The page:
Last week, the Alaska Legislature passed a budget that does not cut funding for education. That’s good news for the Haines Borough School District. Avoiding the additional financial blow allowed the school board to add a couple support staff positions back into the budget for next year.

The district was bracing for an about $167,000 cut to state funding. That’s on top of financial uncertainty the Haines School is already facing.

At the beginning of the year, Superintendent Tony Habra said the district could see an about half-million dollar deficit in the coming fiscal year.

The loss is based on reduced student enrollment that results in less state funding. That number has been whittled down over the last few months.

The district has downsized by three staff positions to save money.

The administration is expecting to end the FY17 fiscal year with about $436,000 in savings. They think they’ll have to use close to $200,000 of that in the coming year.

Earlier this month, Habra presented a stripped-down budget in anticipation of state cuts. He left out two special education paraprofessionals. And, he excluded $15,000 for technology.

But lawmakers did not reduce education funding. So, at a school board meeting this week, Habra asked to add money for the para positions and technology back into the budget.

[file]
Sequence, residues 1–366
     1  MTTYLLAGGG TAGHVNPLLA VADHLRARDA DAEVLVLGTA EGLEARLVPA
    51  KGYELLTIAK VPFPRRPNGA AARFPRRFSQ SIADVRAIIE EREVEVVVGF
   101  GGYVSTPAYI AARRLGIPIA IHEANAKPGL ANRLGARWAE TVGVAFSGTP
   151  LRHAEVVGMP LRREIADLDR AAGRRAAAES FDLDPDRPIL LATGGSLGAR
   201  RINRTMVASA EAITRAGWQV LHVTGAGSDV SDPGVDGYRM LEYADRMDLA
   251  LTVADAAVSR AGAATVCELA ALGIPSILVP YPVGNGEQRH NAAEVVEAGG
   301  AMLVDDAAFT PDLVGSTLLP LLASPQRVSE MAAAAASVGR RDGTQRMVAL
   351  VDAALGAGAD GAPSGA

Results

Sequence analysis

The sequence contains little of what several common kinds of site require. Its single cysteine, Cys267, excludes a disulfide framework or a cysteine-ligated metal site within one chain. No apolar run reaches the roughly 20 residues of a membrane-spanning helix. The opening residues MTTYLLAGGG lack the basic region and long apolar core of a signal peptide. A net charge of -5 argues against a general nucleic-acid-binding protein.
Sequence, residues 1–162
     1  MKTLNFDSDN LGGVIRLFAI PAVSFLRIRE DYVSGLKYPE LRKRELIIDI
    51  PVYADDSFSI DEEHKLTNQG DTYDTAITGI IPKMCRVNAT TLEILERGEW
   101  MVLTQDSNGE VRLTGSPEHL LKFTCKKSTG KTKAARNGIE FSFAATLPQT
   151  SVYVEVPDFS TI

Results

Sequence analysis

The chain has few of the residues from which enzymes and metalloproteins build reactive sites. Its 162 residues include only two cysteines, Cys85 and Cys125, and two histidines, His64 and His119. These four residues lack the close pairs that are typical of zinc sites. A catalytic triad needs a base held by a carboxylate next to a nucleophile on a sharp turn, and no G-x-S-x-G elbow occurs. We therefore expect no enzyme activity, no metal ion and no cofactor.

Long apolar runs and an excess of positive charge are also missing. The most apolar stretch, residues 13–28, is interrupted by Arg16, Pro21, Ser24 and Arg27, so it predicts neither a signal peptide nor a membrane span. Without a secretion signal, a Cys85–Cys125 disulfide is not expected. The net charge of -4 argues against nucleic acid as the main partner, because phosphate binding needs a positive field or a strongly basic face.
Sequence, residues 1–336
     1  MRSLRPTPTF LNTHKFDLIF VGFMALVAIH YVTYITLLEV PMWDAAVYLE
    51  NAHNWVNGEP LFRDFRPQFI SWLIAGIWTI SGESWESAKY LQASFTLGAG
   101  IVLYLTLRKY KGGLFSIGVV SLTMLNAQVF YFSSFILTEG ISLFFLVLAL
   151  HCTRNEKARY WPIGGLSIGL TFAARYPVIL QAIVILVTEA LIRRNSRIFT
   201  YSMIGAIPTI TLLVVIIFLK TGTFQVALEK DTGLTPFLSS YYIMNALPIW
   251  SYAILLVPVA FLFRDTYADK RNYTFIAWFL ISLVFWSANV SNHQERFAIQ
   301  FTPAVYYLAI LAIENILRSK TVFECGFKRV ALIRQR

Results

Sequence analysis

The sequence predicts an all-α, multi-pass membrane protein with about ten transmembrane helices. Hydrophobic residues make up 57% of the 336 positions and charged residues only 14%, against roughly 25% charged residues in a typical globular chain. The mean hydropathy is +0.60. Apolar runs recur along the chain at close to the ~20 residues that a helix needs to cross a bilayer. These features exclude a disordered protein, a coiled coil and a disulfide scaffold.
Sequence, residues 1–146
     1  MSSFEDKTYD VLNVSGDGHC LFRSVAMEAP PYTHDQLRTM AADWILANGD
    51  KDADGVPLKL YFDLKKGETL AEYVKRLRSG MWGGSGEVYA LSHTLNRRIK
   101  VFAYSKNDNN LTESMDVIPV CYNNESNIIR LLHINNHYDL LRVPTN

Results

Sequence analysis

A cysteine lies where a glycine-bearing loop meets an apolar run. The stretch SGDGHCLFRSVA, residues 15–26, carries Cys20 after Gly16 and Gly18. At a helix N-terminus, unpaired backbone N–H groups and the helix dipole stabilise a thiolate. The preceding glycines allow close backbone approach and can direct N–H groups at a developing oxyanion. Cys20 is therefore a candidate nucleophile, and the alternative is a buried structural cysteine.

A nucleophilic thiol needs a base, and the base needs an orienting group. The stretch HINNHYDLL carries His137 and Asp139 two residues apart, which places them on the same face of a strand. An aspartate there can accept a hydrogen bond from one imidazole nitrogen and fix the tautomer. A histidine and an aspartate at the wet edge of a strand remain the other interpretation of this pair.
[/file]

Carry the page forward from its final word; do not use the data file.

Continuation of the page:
The board voted to add $65,000 back into the special education budget. That would allow the district to hire for the paras, depending on the school’s needs.

But, they were more cautious about technology spending. The $15,000 would pay for replacement iPads. Here’s Habra.

“That amount is based on the idea that we’re refreshing a certain number of computers for certain grade levels and certain areas,” said Habra. “If you push back something for $15,000, unless you intend to never refresh it, that just gets added to another year and becomes larger.”

Board president Anne Marie Palmieri said that isn’t the most important thing for the district to spend money on right now.

“We just increased the budget by $65,000 to pay for people,” said Palmieri. “At this point I feel like for me people are more of a priority then refreshing the iPads.”

And other board members said the school should still be frugal about spending. Sarah Swinton and Sara Chapell refer to the amount of money the district was worried about losing from the state.

“I don’t want to start throwing a whole bunch of money out the door just because we might have $167,000, we should just spend it right now, I don’t agree with that,” said Swinton.”

“Plus we don’t have the $167,000, we’re just not losing an additional – It’s not like there’s extra $167,000,” said Chapell.

The board declined to add the $15,000 back into the budget. They also turned down Habra’s request to ask the borough for more money. He wanted to request an extra $50,000 for food service and activities. But Palmieri said it’s not clear enough what they’d be asking for.

“I don’t feel comfortable asking the borough for additional money with the information that we have here,” said Pamieri. “Because I don’t think that this information accurately reflects what was spent. And I want to make a more accurate case to demonstrate need before going to them.”

The board voted unanimously to approve the FY18 budget with about a $200,000 deficit. The shortfall will draw the savings account down to about $243,000.